PhenoMeter: A Metabolome Database Search Tool Using Statistical Similarity Matching of Metabolic Phenotypes for High-Confidence Detection of Functional Links.

Carroll AJ, Zhang P, Whitehead L, Kaines S, Tcherkez G, Badger MR - Front Bioeng Biotechnol (2015)

Calculation of PhenoMeter (PM) score. The procedure for calculating the PhenoMeter similarity score consists of several stages. First, metabolites that are not represented or do not increase or decrease by at least the minimum threshold (1.5-fold by default) in both bait and prey are discarded. Then, signal intensity ratios (SIRs) associated with each metabolite are transformed to ResponseValues (RV = SIR–1 where SIR > 1 and RV = (−1/SIR) + 1 where SIR <1). The correlation between the RVs of the bait and prey phenotypes is then calculated. The PhenoMeter then counts the number of metabolites that are (1) increased above threshold in both phenotypes; (2) decreased below threshold in both phenotypes; (3) decreased below threshold in the bait but increased above threshold in the reference; and (4) increased above threshold in bait but decreased below threshold in reference; and then uses these values as input into a two-tailed Fisher’s Exact Test to calculate the statistical significance of the qualitative overlap of the two phenotypes (FET2p). The PM score is then calculated using the formula PM score = sgn(R)*R2*(–log10(FET2p)).
© Copyright Policy
Related In: Results  -  Collection

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Show All Figures
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Figure 2: Calculation of PhenoMeter (PM) score. The procedure for calculating the PhenoMeter similarity score consists of several stages. First, metabolites that are not represented or do not increase or decrease by at least the minimum threshold (1.5-fold by default) in both bait and prey are discarded. Then, signal intensity ratios (SIRs) associated with each metabolite are transformed to ResponseValues (RV = SIR–1 where SIR > 1 and RV = (−1/SIR) + 1 where SIR <1). The correlation between the RVs of the bait and prey phenotypes is then calculated. The PhenoMeter then counts the number of metabolites that are (1) increased above threshold in both phenotypes; (2) decreased below threshold in both phenotypes; (3) decreased below threshold in the bait but increased above threshold in the reference; and (4) increased above threshold in bait but decreased below threshold in reference; and then uses these values as input into a two-tailed Fisher’s Exact Test to calculate the statistical significance of the qualitative overlap of the two phenotypes (FET2p). The PM score is then calculated using the formula PM score = sgn(R)*R2*(–log10(FET2p)).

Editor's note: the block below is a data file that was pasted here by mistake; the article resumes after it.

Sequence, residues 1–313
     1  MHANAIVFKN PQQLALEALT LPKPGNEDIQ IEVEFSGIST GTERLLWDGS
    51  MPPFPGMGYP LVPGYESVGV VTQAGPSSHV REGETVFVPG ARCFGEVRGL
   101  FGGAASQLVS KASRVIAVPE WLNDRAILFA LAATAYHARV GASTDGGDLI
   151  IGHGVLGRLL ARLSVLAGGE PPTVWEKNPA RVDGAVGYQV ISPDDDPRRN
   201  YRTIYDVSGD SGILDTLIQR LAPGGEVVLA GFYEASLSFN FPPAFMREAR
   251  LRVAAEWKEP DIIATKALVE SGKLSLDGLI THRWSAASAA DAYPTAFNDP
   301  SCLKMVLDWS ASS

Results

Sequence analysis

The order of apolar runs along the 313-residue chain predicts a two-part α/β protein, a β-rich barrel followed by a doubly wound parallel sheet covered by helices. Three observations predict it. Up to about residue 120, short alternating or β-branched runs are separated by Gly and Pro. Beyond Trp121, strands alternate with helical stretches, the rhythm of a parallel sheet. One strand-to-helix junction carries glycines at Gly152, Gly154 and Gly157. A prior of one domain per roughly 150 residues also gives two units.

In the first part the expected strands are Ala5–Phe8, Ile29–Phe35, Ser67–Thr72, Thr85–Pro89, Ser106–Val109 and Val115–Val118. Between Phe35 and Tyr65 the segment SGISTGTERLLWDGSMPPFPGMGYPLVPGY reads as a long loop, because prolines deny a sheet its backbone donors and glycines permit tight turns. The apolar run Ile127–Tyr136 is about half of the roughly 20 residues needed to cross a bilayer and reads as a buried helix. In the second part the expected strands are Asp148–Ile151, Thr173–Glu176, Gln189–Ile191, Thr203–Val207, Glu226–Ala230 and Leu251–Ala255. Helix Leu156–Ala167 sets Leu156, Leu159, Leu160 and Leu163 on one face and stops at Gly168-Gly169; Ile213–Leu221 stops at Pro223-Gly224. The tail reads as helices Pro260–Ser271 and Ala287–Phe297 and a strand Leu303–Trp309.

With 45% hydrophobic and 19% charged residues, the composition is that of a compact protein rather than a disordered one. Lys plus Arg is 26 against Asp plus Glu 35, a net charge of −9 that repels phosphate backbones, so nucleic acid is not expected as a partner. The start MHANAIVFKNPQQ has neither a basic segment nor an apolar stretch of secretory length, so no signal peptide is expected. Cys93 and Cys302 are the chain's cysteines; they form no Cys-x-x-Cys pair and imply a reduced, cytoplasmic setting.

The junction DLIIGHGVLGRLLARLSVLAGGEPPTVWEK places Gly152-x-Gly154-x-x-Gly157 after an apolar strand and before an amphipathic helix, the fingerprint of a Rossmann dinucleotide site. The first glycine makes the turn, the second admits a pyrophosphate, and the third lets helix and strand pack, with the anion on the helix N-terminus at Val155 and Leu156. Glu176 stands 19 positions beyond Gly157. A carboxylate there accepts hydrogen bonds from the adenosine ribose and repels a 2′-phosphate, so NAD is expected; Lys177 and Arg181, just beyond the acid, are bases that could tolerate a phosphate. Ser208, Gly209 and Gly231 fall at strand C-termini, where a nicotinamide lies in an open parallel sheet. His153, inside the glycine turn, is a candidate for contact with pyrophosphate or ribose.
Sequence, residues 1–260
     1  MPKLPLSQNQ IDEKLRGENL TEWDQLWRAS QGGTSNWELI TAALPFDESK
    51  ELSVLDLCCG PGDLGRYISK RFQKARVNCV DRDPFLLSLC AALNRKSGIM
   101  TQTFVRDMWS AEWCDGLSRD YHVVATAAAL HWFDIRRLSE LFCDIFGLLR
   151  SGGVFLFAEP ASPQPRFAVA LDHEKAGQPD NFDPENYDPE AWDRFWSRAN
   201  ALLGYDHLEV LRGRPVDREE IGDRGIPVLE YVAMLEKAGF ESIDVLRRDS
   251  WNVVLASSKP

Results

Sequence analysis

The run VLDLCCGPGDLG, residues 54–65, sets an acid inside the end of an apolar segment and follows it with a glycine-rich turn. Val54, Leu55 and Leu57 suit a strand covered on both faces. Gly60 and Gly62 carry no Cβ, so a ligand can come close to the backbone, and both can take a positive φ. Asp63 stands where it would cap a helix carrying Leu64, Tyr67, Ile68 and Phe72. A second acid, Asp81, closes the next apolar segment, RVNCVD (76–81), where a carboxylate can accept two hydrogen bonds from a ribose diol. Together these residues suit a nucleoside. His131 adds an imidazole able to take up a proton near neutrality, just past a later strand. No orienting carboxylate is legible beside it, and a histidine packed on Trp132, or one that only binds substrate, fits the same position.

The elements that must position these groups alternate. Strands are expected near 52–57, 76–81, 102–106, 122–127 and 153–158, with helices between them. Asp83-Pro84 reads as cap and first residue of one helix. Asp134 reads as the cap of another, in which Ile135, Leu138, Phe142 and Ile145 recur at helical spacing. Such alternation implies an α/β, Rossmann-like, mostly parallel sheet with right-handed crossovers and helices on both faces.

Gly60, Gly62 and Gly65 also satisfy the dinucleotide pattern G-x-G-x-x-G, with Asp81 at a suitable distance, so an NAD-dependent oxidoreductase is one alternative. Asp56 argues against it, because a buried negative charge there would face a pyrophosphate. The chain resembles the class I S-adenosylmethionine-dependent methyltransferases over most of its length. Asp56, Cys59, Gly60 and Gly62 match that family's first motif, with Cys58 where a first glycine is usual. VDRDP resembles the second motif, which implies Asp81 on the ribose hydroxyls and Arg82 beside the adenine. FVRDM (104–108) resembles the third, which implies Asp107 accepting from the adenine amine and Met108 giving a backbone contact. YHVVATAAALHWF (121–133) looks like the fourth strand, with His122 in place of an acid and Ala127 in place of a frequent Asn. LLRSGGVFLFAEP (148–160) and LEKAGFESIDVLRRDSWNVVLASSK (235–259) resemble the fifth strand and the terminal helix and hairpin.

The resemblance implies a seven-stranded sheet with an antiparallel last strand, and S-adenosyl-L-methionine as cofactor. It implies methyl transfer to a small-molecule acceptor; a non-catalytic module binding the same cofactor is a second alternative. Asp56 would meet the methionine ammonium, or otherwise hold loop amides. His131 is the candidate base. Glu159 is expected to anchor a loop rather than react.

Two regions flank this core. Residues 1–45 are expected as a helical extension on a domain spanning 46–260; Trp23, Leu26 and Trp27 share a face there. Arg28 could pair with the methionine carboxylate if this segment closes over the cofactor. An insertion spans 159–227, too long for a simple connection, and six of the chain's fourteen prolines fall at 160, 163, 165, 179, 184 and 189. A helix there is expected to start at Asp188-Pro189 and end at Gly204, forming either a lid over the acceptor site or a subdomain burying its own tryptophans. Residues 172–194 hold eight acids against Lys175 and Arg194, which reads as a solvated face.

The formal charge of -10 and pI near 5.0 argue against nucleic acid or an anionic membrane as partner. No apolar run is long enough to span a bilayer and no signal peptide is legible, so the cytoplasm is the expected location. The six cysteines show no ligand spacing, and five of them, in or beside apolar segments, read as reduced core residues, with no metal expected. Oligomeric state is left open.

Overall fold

Mentions: While simply replacing R2 with R would have achieved the same sign-changing effect, we observed lower matching performance when R2 was replaced with R (data not shown due to limited space). The fact that the magnitude of the PM score is derived from two readily understood statistics (R2 and FET2p) makes its “strength” readily interpretable in familiar statistical terms. For example, the fact that a match with a marginally significant FET2p of 0.05 and an R2 of 0.8 (an above average R2 for genuine matches between functionally equivalent phenotypes; see Table 2) would have a PM score of ~1 (1.040824) makes this score a useful benchmark since scores <1 must either have low R2 or insignificant FET2p while scores >>1 must at least have a highly significant FET2p if not a high R2 as well. Thus, as a “rule of thumb,” scores <1 may be considered ‘weak’ while scores >>1 may be considered “strong.” An example PM score calculation is illustrated in Figure 2.

Bottom Line: To identify a similarity measure that would detect functional links as reliably as possible, we compared the performance of four statistics in correctly top-matching metabolic phenotypes of Arabidopsis thaliana metabolism mutants affected in different steps of the photorespiration metabolic pathway to reference phenotypes of mutants affected in the same enzymes by independent mutations.Attempts to match metabolic phenotypes between independent studies were met with varying success and possible reasons for this are discussed.Overall, our results suggest that integration of pattern-based search tools into metabolomics databases will aid functional annotation of newly recorded metabolic phenotypes analogously to the way sequence similarity search algorithms have aided the functional annotation of genes and proteins.

View Article: PubMed Central - PubMed

Affiliation: College of Medicine, Biology and Environment, Research School of Biology, The Australian National University , Canberra, ACT , Australia.

ABSTRACT
This article describes PhenoMeter (PM), a new type of metabolomics database search that accepts metabolite response patterns as queries and searches the MetaPhen database of reference patterns for responses that are statistically significantly similar or inverse for the purposes of detecting functional links. To identify a similarity measure that would detect functional links as reliably as possible, we compared the performance of four statistics in correctly top-matching metabolic phenotypes of Arabidopsis thaliana metabolism mutants affected in different steps of the photorespiration metabolic pathway to reference phenotypes of mutants affected in the same enzymes by independent mutations. The best performing statistic, the PM score, was a function of both Pearson correlation and Fisher's Exact Test of directional overlap. This statistic outperformed Pearson correlation, biweight midcorrelation and Fisher's Exact Test used alone. To demonstrate general applicability, we show that the PM reliably retrieved the most closely functionally linked response in the database when queried with responses to a wide variety of environmental and genetic perturbations. Attempts to match metabolic phenotypes between independent studies were met with varying success and possible reasons for this are discussed. Overall, our results suggest that integration of pattern-based search tools into metabolomics databases will aid functional annotation of newly recorded metabolic phenotypes analogously to the way sequence similarity search algorithms have aided the functional annotation of genes and proteins. PM is freely available at MetabolomeExpress (https://www.metabolome-express.org/phenometer.php).

No MeSH data available.


Related in: MedlinePlus